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Press Release

NICE positive recommendation supports use of BAVENCIO®? (avelumab) for treatment of adults in England, Wales and Northern Ireland with metastatic Merkel Cell Carcinoma, a rare skin cancer

Posted on: 01 Mar 18
  • Welcome news for patients in England, Wales and Northern Ireland as avelumab is recommended for routine NHS use in previously treated metastatic Merkel Cell Carcinoma (mMCC) patients and for use in England within the Cancer Drugs Fund (CDF) for those with previously untreated mMCC


  • The recommendation means patients with this rare, aggressive form of skin cancer will now be able to access NHS treatment with avelumab which, in September 2017, became the first and only targeted systemic treatment to be licensed for mMCC.[i]



Feltham (Merck) & Walton Oaks (Pfizer), 1st March 2018 –The National Institute for Health and Care Excellence (NICE) has issued a Final Appraisal Determination (FAD) that recommends avelumab for treating adults with metastatic Merkel Cell Carcinoma (mMCC).[ii] Avelumab is recommended for routine NHS use in England, Wales and Northern Ireland for treating metastatic mMCC in adults, only if they have had one or more lines of chemotherapy for metastatic disease. Avelumab is recommended for use in England within the Cancer Drugs Fund (CDF) for treating mMCC in adults only if: they have not had chemotherapy for metastatic disease and the conditions in the managed access scheme are followed.


Access to avelumab for previously untreated mMCC through the CDF applies in England. Patients across Wales will also be able to access the medicine through the New Treatment Fund, which funds all treatments with a positive recommendation from NICE (and the All Wales Medicines Strategy Group), including those in the CDF with draft recommendations. Health boards and Velindre NHS Trust have 60 days to implement a recommendation following the publication of a FAD and once a Commercial Access Agreement (CAA) has been signed. In Scotland, the outcome of an assessment by the Scottish Medicines Consortium is awaited, with a decision expected in the first half of 2018.


The NICE recommendation is not intended to affect treatment with avelumab that was started in the NHS before this guidance was published. People having treatment outside this recommendation may continue without change to the funding arrangements in place for them before this guidance was published, until they and their NHS clinician consider it appropriate to stop.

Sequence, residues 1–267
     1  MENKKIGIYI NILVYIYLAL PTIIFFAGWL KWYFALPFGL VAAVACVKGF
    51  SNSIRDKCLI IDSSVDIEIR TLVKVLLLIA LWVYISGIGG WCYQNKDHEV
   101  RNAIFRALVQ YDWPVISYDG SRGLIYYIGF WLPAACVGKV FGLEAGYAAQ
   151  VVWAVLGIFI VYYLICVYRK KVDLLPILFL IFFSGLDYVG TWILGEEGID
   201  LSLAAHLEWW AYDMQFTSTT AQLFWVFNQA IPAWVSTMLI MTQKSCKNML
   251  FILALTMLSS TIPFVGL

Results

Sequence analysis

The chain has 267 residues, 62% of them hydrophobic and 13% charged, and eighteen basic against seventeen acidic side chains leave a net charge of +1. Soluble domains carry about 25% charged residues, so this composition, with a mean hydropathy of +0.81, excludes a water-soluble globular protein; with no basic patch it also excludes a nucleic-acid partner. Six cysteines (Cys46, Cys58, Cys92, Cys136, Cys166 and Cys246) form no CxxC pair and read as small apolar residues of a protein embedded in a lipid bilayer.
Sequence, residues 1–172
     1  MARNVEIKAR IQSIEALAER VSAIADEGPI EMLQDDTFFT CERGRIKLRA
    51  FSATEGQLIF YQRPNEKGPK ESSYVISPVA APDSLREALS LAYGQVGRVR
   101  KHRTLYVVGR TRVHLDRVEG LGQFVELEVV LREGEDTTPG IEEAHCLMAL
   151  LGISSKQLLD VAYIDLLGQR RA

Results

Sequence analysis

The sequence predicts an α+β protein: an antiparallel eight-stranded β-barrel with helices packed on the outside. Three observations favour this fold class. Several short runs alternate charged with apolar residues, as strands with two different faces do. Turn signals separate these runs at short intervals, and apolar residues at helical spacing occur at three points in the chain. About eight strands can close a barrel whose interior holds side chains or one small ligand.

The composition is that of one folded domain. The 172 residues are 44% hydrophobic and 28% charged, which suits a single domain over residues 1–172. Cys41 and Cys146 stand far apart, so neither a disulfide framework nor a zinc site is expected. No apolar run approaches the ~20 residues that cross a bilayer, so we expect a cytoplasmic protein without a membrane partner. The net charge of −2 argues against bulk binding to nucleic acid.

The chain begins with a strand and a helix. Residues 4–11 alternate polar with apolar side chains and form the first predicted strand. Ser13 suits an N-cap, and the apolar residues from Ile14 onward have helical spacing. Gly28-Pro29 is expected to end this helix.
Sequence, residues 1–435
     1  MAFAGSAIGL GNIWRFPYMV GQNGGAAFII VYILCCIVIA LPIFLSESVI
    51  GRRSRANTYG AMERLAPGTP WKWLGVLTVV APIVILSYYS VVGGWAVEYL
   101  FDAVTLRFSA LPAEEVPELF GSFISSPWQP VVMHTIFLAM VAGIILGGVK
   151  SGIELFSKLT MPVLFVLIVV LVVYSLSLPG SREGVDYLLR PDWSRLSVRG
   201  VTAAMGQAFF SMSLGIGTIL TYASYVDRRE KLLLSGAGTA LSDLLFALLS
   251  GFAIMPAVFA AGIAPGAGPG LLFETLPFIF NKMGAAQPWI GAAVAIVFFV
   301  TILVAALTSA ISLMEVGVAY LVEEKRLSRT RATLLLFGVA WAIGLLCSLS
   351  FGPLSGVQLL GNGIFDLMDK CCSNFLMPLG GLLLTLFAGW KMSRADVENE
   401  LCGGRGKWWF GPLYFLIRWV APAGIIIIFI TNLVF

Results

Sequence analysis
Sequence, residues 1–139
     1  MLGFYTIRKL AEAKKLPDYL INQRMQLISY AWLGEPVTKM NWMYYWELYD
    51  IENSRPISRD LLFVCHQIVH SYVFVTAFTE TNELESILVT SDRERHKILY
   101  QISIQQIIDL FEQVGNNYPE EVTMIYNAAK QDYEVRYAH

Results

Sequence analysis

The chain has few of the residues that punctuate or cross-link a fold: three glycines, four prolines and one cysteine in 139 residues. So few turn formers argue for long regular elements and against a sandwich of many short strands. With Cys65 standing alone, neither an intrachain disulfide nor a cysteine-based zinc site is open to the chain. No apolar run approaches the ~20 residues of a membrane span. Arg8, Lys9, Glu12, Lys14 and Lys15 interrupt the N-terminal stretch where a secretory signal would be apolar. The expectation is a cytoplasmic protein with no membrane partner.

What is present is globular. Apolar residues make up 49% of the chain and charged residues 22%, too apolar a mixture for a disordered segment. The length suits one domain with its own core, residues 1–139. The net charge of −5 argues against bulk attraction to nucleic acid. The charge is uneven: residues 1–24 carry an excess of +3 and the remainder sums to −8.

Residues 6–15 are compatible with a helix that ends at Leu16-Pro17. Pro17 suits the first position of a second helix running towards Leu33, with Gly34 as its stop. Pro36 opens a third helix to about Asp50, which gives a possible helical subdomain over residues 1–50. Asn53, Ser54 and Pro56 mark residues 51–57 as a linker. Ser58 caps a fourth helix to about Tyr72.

Avelumab’s inclusion in the CDF for a time-limited period, while the first-line mMCC trial data are maturing, is NICE’s preferred option, after which the clinical and cost-effectiveness of avelumab in the first-line setting will be re-evaluated by NICE. The decision by NICE to include avelumab for first-line use in mMCC in the CDF recognises the clinical benefit and patients’ unmet need in this setting.


“Merck and Pfizer are really pleased with today’s decision by NICE, which will result in patients in England, Wales and Northern Ireland being able to access the first targeted systemic treatment option licensed in the UK for metastatic Merkel Cell Carcinoma,” commented Belinda Byrne, Medical Director at Merck. “We have worked closely with NICE and the CDF to ensure all mMCC patients can get access to avelumab as early as possible in their treatment.”


Catherine Bouvier, Chief Executive of NET Patient Foundation, UK, said: “It’s fantastic news that NICE can recommend a treatment such as avelumab for patients with metastatic Merkel Cell Carcinoma. Patients with such rare cancers often don’t have access to funded treatments. This is a great outcome for patients and their families.”


Patients with mMCC have a very poor prognosis, with fewer than half of patients surviving more than one year and fewer than 20% surviving beyond five years.[iii] There are thought to be approximately 70 new cases of mMCC in England every year, although the accuracy of this figure is difficult to determine due to the rarity of Merkel Cell Carcinoma.[iv]  Data show that the incidence of MCC is rising,[v],[vi] possibly due to an ageing population or increased UV exposure.6 MCC exhibits aggressive clinical features, including frequent lymph node involvement and early metastases.[vii],[viii],[ix]


While earlier-stage MCC can be generally managed with surgery and radiotherapy, treatment options for mMCC are severely limited.[x],[xi] Until the UK launch of avelumab in November 2017, the only licensed treatment option for mMCC was cytotoxic chemotherapy, which has limited efficacy and is not generally well-tolerated. The preferred standard of care for mMCC, according to the NCCN guidelines, is clinical trials, but other immuno-oncology drugs are also stated as options.11


The recommendation in the FAD forms the basis of NICE’s final guidance (Technology Appraisal Guidance, TAG), anticipated over the coming weeks.


Avelumab received marketing authorisation on 20th September 2017 in the 28 countries of the European Union (EU) in addition to Norway, Liechtenstein and Iceland, and was subsequently launched in the UK in November 2017.

Editor's Details

Mike Wood

Last updated on: 01/03/2018

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